The FDA, or Food and Drug Administration, is reaching out to tech experts to approach the opiate epidemic from a new angle.
The FDA has issued a challenge to IT professionals and tech gurus in Silicon Valley- to build an app to combat the rampant overdoses from opiate drugs that are plaguing the country. Aptly named, the 2016 Naloxone App Competition, will be open for submissions beginning this Friday, and running through November 7th. The ultimate point of the app, as announced by the FDA, is to connect opiate users with the closest supply of Naloxone, the opioid overdose reversal drug that has already saved countless addicts.
Connecting Addicts with Help
Following the success of Naloxone in reversing the effects of heroin, fentanyl, and other opiate medications, the drug is now available at most pharmacies across the US with a prescription. Further, the drug is also available to medical first responders, law enforcement officers, at-risk opioid users, and friends or family of those users. With this increased availability, it makes sense that the next step is to ensure that someone experiencing an overdose (or in the presence of such) can access these stores of Naloxone as soon as possible after overdose. The longer it takes to get Naloxone to the person who has overdosed, the lower the chance that they can be saved. When someone is overdosing, their breathing slows and eventually stops; this cuts off air supply to the brain and bloodstream, and if it progresses to a certain point, irreversible damage to the brain and body, as well as death, may be unavoidable. The ideal app would alert the closest Naloxone carriers to the person in need. The app could be used by addicts themselves, friends of addicts, or simply passerby who witness an overdose situation occurring.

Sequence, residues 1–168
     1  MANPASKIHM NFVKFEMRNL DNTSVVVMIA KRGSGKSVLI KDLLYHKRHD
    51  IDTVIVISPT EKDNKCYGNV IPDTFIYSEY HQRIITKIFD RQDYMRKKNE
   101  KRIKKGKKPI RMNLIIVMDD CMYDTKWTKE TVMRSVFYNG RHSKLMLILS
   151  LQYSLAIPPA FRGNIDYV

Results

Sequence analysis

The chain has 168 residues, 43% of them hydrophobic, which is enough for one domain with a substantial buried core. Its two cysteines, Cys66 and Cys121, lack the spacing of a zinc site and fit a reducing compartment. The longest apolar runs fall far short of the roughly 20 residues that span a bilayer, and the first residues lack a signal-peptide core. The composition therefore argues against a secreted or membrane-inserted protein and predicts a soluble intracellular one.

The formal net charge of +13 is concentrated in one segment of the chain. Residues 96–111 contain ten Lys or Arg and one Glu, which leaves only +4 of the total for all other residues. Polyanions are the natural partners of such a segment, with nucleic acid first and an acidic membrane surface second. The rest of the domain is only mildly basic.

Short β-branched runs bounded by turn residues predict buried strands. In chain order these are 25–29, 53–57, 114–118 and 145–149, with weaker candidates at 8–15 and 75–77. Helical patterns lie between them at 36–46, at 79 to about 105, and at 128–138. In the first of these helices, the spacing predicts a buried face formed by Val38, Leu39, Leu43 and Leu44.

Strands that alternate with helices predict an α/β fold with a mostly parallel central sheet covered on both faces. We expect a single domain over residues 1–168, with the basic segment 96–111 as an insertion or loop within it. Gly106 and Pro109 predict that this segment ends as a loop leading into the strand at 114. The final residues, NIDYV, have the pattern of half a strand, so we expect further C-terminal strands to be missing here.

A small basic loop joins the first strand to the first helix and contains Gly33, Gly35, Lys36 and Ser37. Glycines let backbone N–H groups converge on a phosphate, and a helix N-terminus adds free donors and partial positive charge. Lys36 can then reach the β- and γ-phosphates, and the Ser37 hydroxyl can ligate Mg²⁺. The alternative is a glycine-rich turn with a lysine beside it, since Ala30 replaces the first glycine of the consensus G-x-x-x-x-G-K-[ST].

Currently, despite many people who carry the drug on them, their supply may go unused for months, resulting in expiration of the naloxone and a wasted opportunity to save a life. The app may also be used as an educational tool- to teach the younger generations about preventing overdose, and the realities of addiction. It can also provide information as to how to obtain Naloxone, and would provide a sense of confidentiality and privacy in obtaining help or information.
The winners of the competition will receive $40,000 from the FDA to put towards development of the app. There is also a potential collaboration with the federal Small Business Innovation Research program, for potential partnership with the winners to help start their company.
For more information, go to http://www.fda.gov/NewsEvents/Newsroom/PressAnnouncements/ucm520945.htm
Help is Available
If you or someone you know is at risk for an overdose, inpatient treatment may be the answer. Call the addiction treatment professionals at Serenity Acres today for your free confidential assessment: 1-800-203-2024.